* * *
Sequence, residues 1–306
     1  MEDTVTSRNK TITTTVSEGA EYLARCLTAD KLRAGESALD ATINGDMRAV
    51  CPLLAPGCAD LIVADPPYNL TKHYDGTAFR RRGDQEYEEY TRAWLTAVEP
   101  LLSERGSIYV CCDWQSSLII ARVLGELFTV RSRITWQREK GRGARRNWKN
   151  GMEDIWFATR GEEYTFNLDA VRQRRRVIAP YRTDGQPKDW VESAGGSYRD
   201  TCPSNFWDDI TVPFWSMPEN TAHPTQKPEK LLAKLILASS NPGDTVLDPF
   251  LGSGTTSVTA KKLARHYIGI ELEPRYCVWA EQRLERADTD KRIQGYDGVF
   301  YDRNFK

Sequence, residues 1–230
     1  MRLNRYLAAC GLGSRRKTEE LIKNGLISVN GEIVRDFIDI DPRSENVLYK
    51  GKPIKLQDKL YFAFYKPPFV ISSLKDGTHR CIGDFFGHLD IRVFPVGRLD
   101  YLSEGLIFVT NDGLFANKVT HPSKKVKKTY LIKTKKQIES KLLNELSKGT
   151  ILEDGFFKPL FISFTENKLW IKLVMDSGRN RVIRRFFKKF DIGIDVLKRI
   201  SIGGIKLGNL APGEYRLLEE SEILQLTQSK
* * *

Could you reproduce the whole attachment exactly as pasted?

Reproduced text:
Sequence, residues 1–306
     1  MEDTVTSRNK TITTTVSEGA EYLARCLTAD KLRAGESALD ATINGDMRAV
    51  CPLLAPGCAD LIVADPPYNL TKHYDGTAFR RRGDQEYEEY TRAWLTAVEP
   101  LLSERGSIYV CCDWQSSLII ARVLGELFTV RSRITWQREK GRGARRNWKN
   151  GMEDIWFATR GEEYTFNLDA VRQRRRVIAP YRTDGQPKDW VESAGGSYRD
   201  TCPSNFWDDI TVPFWSMPEN TAHPTQKPEK LLAKLILASS NPGDTVLDPF
   251  LGSGTTSVTA KKLARHYIGI ELEPRYCVWA EQRLERADTD KRIQGYDGVF
   301  YDRNFK

Sequence, residues 1–230
     1  MRLNRYLAAC GLGSRRKTEE LIKNGLISVN GEIVRDFIDI DPRSENVLYK
    51  GKPIKLQDKL YFAFYKPPFV ISSLKDGTHR CIGDFFGHLD IRVFPVGRLD
   101  YLSEGLIFVT NDGLFANKVT HPSKKVKKTY LIKTKKQIES KLLNELSKGT
   151  ILEDGFFKPL FISFTENKLW IKLVMDSGRN RVIRRFFKKF DIGIDVLKRI
   201  SIGGIKLGNL APGEYRLLEE SEILQLTQSK